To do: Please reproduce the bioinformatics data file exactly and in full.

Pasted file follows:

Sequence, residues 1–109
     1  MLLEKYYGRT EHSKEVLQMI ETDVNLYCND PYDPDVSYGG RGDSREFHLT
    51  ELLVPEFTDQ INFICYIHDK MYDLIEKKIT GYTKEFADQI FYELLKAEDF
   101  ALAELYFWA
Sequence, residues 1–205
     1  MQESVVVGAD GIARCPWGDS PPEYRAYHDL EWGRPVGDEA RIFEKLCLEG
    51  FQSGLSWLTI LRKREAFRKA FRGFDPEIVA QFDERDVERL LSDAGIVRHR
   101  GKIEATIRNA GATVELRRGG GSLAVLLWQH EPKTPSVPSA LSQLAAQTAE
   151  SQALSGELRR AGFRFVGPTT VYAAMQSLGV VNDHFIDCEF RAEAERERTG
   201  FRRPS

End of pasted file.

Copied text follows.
Sequence, residues 1–109
     1  MLLEKYYGRT EHSKEVLQMI ETDVNLYCND PYDPDVSYGG RGDSREFHLT
    51  ELLVPEFTDQ INFICYIHDK MYDLIEKKIT GYTKEFADQI FYELLKAEDF
   101  ALAELYFWA
Sequence, residues 1–205
     1  MQESVVVGAD GIARCPWGDS PPEYRAYHDL EWGRPVGDEA RIFEKLCLEG
    51  FQSGLSWLTI LRKREAFRKA FRGFDPEIVA QFDERDVERL LSDAGIVRHR
   101  GKIEATIRNA GATVELRRGG GSLAVLLWQH EPKTPSVPSA LSQLAAQTAE
   151  SQALSGELRR AGFRFVGPTT VYAAMQSLGV VNDHFIDCEF RAEAERERTG
   201  FRRPS